- Individual STEP questions may require knowledge of several different areas of mathematics (especially the mechanics and statistics questions, which will often require advanced pure mathematical techniques).
- The marks available for each part of the question are not disclosed on the paper.
- There is a lot of choice on STEP papers (6 questions out of 13).
- Calculators are not permitted in STEP examinations.
These difference matter, because in mathematics more than in any other subject it is very important to match the difficulty of the question with the ability of the candidates. For example, you could reasonably have the question ‘Was Henry VIII a good king?’ on a lower-school history paper, an A-level paper, or as a PhD topic. The answers would (or should) differ according to the level. On mathematics examination papers, the question has to be tailored to the level in order to discriminate between the candidates: if it is too easy, nearly all candidates will score very high marks; if it is too hard, nearly all candidates will make little progress on any of the questions.
STEP is produced under the auspices of the Cambridge Assessment examining board. The setting procedure starts 30 months before the date of the examination, when the three examiners (one for each paper, from schools or universities) are asked to produce a draft paper. The ﬁrst drafts are then vetted by the STEP coordinator (me!), who tries to enforce uniformity of difficulty, checks suitability of material and style, and tries to reduce overlap between the papers. Examiners then produce a second draft, based on the coordinator’s suggestions. The second drafts are agreed with the coordinator and then circulated to three moderators (normally school teachers), and to the other examiners, who produce written comments and discuss the drafts in a two-day meeting. The examiners then produce third drafts, taking into account the consensus at the meetings. These drafts are sent to a vetter, who works through the papers, pointing out mistakes and infelicities. The resulting draft is checked by a second vetter and ﬁnally by a team of students. At each stage, the drafts are produced camera-ready, using a special mathematical word-processing package called LaTeX (which is also used to typeset this book).3
STEP questions do not fall into any one category. Typically, there will be a range of types on each of the papers. Here are some thoughts, in no particular order.
- My favourite sort of question is in two (or maybe more) parts: in the ﬁrst part, candidates are asked to perform some unfamiliar task and are told how to do it (integration using a given substitution, or expressing a quartic as the algebraic sum of two squares, for example); for the later parts, candidates are expected to demonstrate that they have understood and learned from the ﬁrst part by applying the method to a new and perhaps more complicated task.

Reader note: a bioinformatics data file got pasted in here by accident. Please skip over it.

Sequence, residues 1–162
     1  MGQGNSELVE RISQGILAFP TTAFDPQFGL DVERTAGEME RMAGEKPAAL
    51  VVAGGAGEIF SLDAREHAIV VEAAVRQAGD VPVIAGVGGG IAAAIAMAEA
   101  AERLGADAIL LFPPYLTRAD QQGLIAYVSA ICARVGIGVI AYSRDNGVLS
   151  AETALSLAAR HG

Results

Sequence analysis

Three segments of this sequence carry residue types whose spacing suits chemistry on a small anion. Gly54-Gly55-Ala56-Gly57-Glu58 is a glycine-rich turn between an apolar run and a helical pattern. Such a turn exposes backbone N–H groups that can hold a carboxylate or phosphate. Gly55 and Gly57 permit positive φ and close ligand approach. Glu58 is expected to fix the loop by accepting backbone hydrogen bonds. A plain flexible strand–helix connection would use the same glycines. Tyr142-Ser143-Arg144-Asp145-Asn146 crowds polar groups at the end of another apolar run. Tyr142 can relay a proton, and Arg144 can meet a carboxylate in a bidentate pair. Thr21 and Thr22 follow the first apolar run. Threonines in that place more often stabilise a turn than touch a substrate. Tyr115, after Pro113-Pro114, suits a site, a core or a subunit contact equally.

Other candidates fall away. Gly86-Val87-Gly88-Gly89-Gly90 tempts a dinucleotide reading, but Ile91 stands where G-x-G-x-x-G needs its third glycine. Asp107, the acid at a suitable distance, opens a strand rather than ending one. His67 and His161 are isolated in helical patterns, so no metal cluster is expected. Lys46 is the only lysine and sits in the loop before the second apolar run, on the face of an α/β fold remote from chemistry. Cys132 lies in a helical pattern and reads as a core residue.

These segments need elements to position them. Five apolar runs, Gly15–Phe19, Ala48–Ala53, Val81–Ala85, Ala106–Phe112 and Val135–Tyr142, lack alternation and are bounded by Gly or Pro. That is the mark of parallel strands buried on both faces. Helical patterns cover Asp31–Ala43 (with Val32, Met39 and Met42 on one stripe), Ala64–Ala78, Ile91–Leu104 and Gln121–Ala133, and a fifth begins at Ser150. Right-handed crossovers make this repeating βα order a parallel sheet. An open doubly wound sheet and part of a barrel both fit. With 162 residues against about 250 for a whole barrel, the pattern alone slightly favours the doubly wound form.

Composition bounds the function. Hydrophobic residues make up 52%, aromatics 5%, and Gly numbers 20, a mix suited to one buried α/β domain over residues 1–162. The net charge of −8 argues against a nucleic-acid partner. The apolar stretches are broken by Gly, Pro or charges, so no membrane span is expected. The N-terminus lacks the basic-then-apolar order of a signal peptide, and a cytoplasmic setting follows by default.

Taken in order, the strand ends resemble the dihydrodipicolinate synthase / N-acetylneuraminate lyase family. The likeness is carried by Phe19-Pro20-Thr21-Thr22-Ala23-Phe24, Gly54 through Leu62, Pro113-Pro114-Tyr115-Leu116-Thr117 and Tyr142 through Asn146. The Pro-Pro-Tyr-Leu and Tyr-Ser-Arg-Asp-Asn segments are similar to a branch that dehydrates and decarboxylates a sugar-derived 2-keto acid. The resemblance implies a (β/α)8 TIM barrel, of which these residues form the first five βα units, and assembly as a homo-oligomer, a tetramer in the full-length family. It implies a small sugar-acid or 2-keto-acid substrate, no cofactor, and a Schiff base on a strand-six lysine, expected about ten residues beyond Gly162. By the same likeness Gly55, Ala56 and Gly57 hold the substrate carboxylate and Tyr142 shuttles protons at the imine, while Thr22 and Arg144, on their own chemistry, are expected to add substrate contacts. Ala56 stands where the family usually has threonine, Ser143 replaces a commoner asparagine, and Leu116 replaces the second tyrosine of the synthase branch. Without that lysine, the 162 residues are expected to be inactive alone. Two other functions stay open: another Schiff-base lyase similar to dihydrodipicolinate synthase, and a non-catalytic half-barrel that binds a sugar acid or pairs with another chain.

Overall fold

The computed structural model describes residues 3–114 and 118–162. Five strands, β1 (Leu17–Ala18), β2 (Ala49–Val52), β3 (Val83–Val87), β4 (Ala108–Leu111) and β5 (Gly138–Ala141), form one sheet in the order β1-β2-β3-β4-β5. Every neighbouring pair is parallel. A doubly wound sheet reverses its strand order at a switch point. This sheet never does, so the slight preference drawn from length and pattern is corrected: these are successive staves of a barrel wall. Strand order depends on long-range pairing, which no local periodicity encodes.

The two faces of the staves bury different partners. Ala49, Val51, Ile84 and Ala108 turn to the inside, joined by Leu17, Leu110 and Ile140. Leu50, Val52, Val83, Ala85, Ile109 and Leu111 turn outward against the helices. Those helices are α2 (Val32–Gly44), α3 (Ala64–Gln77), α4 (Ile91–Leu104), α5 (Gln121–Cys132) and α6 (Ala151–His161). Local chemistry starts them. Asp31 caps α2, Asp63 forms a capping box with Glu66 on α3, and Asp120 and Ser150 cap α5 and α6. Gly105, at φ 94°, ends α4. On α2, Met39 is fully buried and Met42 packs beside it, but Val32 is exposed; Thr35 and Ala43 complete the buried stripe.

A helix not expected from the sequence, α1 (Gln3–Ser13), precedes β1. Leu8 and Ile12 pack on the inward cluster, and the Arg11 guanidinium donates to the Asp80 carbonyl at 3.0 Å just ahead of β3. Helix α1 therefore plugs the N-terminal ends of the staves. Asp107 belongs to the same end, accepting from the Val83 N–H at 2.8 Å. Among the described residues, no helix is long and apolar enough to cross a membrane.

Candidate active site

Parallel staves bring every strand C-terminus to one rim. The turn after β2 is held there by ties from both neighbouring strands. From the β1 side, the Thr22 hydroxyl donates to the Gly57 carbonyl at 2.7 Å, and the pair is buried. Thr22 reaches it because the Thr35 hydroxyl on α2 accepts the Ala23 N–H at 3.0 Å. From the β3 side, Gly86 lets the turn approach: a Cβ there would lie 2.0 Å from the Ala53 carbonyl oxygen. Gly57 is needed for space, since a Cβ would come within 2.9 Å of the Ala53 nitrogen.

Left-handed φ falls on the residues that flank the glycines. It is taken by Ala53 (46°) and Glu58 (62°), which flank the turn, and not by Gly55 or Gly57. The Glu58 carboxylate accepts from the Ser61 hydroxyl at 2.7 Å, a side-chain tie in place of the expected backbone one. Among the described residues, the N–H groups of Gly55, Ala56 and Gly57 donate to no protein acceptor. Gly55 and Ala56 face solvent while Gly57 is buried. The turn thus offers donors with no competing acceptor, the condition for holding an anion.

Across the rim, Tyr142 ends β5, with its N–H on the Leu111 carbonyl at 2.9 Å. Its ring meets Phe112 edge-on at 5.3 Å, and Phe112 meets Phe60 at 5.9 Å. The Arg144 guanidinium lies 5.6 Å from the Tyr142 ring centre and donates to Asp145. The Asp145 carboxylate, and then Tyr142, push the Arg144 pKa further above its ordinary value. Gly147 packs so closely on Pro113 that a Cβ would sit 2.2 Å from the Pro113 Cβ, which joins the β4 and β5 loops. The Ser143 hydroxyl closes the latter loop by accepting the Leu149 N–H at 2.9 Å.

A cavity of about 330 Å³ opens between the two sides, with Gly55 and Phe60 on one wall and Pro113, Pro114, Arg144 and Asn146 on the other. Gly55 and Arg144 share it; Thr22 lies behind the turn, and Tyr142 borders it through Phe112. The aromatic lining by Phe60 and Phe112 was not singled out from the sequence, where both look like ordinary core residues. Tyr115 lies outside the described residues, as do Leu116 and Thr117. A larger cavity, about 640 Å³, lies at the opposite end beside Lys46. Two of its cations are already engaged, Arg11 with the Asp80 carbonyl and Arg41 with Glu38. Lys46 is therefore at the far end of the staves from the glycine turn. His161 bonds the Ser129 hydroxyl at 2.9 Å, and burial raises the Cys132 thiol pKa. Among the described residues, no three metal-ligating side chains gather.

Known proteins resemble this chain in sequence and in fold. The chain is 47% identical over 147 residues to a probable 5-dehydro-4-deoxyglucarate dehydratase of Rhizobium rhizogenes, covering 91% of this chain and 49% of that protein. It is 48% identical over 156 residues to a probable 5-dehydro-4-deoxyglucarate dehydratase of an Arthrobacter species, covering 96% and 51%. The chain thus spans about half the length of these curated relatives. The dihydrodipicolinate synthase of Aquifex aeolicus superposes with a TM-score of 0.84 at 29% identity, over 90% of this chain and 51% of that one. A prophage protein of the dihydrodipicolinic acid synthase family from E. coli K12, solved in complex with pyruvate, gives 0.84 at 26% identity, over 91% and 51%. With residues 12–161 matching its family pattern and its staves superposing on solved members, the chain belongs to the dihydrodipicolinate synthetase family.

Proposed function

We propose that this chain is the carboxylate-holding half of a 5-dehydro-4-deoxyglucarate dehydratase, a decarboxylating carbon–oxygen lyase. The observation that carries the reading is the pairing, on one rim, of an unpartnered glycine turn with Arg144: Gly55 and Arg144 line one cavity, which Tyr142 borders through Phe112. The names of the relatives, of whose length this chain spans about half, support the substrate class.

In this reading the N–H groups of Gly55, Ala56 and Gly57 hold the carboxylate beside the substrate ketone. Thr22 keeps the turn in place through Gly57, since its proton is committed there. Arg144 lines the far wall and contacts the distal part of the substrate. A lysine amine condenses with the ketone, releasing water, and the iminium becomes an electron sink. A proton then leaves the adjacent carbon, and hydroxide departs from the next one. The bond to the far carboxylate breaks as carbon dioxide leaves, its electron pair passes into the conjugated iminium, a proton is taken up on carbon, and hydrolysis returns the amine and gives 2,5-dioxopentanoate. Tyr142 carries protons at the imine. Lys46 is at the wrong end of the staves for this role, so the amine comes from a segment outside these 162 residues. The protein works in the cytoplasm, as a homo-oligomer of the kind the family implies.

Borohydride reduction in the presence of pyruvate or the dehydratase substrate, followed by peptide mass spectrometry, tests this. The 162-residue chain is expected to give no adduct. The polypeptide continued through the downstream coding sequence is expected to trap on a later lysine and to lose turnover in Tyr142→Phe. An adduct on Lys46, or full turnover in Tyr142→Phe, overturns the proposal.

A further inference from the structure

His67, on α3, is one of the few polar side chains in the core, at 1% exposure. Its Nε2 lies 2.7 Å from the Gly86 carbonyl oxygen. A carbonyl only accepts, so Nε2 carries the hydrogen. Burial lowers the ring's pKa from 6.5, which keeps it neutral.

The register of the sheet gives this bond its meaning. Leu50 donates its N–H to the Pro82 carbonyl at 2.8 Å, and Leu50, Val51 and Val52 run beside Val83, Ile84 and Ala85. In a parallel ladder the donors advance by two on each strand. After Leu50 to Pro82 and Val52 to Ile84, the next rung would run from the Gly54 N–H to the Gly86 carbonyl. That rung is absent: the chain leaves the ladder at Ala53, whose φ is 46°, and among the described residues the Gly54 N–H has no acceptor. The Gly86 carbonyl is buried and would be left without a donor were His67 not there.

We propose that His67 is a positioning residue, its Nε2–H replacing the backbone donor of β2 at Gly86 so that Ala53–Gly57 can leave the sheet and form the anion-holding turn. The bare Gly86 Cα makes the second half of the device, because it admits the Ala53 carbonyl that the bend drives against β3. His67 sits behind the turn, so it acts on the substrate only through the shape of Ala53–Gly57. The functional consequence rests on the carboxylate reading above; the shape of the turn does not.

- Another favourite of mine is the question which has different answers according to the value of a certain number (or parameter). A common example involves sketching a graph whose shape depends on whether a parameter is positive or negative. Ideally, the different values of the parameter are not given in the question, and candidate has to identify them for herself or himself.
- Another good type of question requires candidates to do some preliminary special-case work and then prove a general result.
- In another type, candidates have to show that they can understand and use new notation or a new theorem.
- Questions with several unrelated parts (for example, three integrals using different techniques) are generally avoided; but if they occur, there tends to be a ‘sting in the tail’ involving putting all the parts together in some way.
- Some questions do not rely on any part of the syllabus: instead they might require ‘common sense’, involving counting or seeing patterns, or they might involve some aspect of more elementary mathematics with an unusual slant. Such questions try to test capacity for clear and logical thought without using much mathematical knowledge (like the calendar question mentioned in the section on preparation below, or questions concerning islands populated by toads ‘who always tell the truth’ and frogs ‘who always ﬁb’).